We don’t know for certain when, where and how Elsie Bolam and Helen Brayshay met, but it is possible that Brayshay, born in 1863, a nurse and nurse educator, met Bolam while she was in training (in Melbourne or Beechworth) or in her early years working in small private hospitals. Likewise, Lesley McGowan (also a nursing sister) and Elsie Bolam possibly met when they were training. Eventually, they all ended up living in Marysville. Kerami, the guesthouse that Brayshay bought there around 1914, was the focus of their lives for many years to come.

Brayshay probably bought Kerami in 1913 and she asked Bolam to take over the running of the place for a year in 2014. When the year was up, Elsie decided to stay in Marysville and the rest is history. After Brayshay died in 1919, leaving Elsie with some of the proceeds from her estate, Bolam, in partnership with Lesley McGowan (who had continued to work as a nurse in small hospitals around central and southeastern Victoria until at least 1916), purchased Kerami , which they then ran for several years. They obviously did a very good job of it: Kerami attracted a ‘social’ enough clientele to regularly make the pages of Table Talk. In 1920, they built tearooms, which they called ‘The Crossways’, near the Steavenson River Bridge. In 1922 Elsie donated a parcel of land to the community that was fenced and made into a koala reserve.

Nursing didn’t bring Elsie to Marysville, but her dedication to her vocation is what made her ‘a legend’ in the area. After arriving in Marysville in 1914, Elsie Bolam served as town’s honorary doctor for thirty-five years, taking a break during World War 2, when she temporarily moved back to Melbourne to work as a tourism officer but also as part of Melbourne’s emergency services. Marysville’s permanent population was too small and ‘too healthy’ to support a resident full time doctor, so both Elsie and Lesley stepped in to offer assistance. Given that the nearest doctors were either at Black Spur and Alexandra (roughly forty kilometers away), they would treat many non-life-threatening injuries themselves. Elsie was ‘an expert bone-setter’ who ‘skillfully stitched many wounds – with sprained ankles and snake bites being her speciality’. During the 1918-19 influenza epidemic in nearby Healesville, Sister Bolam provided important assistance in organising the emergency hospital.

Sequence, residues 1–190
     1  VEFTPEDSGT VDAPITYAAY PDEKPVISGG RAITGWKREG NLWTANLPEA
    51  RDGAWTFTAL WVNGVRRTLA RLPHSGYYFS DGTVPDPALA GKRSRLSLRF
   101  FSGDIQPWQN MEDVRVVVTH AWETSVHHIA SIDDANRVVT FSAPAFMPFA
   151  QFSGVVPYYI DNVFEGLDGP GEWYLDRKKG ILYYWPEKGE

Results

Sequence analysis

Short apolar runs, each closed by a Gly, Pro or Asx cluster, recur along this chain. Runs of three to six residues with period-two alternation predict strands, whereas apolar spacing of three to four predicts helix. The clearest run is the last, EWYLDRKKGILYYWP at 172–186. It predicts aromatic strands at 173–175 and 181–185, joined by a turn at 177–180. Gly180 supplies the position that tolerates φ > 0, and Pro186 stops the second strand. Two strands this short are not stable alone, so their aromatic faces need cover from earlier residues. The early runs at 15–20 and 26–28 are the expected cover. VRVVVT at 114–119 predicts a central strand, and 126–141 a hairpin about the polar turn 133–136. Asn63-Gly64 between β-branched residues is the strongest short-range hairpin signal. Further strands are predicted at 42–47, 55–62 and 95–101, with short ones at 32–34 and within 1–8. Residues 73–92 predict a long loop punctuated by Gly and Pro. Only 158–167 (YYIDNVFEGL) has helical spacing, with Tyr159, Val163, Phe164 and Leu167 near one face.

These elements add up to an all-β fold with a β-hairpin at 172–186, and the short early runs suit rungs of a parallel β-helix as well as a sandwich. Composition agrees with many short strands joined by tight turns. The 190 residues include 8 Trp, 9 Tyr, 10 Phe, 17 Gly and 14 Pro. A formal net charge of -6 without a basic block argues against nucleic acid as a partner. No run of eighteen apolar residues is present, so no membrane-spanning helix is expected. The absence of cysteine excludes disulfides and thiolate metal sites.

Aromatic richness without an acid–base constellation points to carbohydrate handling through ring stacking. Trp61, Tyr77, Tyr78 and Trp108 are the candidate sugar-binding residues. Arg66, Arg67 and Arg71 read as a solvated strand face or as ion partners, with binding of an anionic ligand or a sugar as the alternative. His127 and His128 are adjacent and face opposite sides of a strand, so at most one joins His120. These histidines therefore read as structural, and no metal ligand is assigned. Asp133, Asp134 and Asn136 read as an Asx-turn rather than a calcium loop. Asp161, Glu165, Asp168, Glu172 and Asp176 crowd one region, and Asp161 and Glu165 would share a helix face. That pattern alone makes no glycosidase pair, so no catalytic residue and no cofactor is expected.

Sister Bolam did all this without payment or recompense for her expenses. Early in her tenure, she made application to the Bush Nursing Association for financial help, but was advised that ‘her casualty station [did] not come within its jurisdiction’. In 1929 a Dendy Street, Brighton doctor provided some assistance with supplies. There is no record of Elsie receiving any other assistance. For thirty-five years, people would walk up the hill to the home that Elsie and Lesley McGowan shared above Woods Point Road in Marysville: